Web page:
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Midterm Roundup: Joni Ernst’s Flip-Flop-Flip

Here are some interesting stories on the midterm campaigns that you may have missed on Thursday, October 16:

• As other Republican candidates try to distance themselves as far as possible from their past support for fetal personhood bills, Iowa Senate candidate Joni Ernst is making the opposite play. On Wednesday, she told the Sioux City Journal editorial board that “I will continue to stand by” a pledge to support a personhood bill if she is elected to the Senate. As MSNBC’s Steve Benen points out, this amounts to a flip-flop-flip on the issue (although Benen suspects that Ernst may not fully understand the controversial policy). Ernst continues to lead Democrat Bruce Braley by 2 percent in the Real Clear Politics poll average.

• Colorado Senate candidate Cory Gardner is also struggling with his past support for personhood. Democratic incumbent Mark Udall’s campaign has been circulating this brutal clip from the candidates’ last debate, in which the moderator tells the Republican congressman that “a charitable interpretation would be that you have a difficult time admitting when you’re wrong, and a less charitable interpretation would be that you’re not telling us the truth.” Still, polls continue to show Gardner building on his narrow lead, and he now holds a 3 percent advantage in the poll average.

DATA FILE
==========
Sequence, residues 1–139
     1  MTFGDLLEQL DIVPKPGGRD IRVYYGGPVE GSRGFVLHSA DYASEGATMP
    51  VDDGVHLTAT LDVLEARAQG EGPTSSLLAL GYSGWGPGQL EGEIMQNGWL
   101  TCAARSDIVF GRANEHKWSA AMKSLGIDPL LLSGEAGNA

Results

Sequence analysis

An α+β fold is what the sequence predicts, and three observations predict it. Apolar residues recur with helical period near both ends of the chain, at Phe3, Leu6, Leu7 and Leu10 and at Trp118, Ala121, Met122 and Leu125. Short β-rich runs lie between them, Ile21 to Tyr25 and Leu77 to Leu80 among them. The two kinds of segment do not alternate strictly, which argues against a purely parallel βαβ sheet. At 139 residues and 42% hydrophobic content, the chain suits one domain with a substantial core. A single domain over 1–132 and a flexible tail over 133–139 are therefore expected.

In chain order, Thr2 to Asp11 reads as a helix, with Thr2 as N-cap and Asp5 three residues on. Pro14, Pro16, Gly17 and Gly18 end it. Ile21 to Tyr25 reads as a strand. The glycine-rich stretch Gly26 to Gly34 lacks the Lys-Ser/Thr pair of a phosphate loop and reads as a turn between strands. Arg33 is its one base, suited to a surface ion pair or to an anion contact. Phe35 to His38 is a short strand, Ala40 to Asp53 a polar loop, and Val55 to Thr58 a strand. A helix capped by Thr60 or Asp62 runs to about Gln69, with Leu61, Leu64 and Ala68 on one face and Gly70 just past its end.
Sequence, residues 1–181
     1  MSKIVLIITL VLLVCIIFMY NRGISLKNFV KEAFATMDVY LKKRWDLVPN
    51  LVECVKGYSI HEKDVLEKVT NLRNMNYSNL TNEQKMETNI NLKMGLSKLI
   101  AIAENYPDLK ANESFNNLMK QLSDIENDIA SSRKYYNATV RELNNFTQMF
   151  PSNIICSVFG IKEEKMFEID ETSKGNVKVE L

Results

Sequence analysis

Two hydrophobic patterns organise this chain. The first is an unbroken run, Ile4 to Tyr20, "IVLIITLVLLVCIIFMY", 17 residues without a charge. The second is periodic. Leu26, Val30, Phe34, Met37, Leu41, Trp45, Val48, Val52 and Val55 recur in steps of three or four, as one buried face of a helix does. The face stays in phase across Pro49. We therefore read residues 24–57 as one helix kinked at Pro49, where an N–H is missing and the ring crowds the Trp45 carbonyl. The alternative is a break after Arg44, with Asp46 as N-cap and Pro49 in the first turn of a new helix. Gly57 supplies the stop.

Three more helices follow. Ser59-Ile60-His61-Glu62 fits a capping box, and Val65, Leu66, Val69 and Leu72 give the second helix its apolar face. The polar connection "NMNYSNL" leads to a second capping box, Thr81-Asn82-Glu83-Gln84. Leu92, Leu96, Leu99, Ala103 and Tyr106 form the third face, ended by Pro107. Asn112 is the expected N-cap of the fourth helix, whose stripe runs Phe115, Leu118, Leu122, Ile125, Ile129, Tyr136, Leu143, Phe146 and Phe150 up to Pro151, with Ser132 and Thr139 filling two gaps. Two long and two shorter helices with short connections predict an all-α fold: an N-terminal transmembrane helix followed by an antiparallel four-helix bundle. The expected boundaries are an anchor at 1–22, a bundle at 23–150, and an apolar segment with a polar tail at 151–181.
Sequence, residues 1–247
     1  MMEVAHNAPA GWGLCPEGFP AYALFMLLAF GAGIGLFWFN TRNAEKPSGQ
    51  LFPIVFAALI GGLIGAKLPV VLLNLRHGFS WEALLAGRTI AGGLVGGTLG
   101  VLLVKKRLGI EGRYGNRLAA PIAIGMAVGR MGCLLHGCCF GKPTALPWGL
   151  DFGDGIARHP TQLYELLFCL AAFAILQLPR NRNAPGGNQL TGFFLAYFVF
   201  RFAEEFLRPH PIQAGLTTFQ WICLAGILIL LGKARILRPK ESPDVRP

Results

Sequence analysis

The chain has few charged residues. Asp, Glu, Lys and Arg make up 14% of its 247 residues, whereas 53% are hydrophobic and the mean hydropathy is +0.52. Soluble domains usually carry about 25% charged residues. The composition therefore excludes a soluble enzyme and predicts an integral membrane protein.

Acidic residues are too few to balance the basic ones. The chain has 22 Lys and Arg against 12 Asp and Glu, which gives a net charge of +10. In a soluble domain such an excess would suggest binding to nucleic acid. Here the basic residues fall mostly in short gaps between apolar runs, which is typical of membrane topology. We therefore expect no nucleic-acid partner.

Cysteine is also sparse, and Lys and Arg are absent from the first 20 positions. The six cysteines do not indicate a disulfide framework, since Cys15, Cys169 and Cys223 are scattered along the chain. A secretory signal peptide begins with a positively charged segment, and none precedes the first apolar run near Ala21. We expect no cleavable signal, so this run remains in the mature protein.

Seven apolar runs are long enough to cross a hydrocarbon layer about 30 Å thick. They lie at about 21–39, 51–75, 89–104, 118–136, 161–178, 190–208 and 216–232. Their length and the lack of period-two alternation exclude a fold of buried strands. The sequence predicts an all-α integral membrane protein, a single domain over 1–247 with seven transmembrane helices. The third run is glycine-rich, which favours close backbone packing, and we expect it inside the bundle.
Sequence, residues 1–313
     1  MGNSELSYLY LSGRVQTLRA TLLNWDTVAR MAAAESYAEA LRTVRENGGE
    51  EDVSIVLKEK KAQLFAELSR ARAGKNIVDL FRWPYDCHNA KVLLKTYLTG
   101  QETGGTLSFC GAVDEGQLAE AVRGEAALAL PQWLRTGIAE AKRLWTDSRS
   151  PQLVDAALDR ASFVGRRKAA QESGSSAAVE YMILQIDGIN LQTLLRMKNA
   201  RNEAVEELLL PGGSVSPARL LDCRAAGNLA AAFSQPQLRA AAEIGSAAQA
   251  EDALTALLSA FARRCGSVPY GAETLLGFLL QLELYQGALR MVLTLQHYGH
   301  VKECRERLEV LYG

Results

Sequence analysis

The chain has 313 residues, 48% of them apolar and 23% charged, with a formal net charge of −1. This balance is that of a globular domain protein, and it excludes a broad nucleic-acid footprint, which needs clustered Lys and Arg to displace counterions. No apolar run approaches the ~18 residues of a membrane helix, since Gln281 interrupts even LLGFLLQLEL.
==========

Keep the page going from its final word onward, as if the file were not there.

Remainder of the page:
• Another poll suggests that Democrats have a real chance in Georgia’s tight gubernatorial and senatorial elections. The new survey from WRBL finds Republican governor Nathan Deal tied with Democratic challenger Jason Carter at 44 percent. In the Senate contest, Democrat Michelle Nunn leads Republican David Perdue 46 to 45 percent, within the poll’s margin of error. Deal and Perdue’s leads in the poll average are down to 2 percent and 1.2 percent, respectively, and a runoff appears increasingly likely in both races.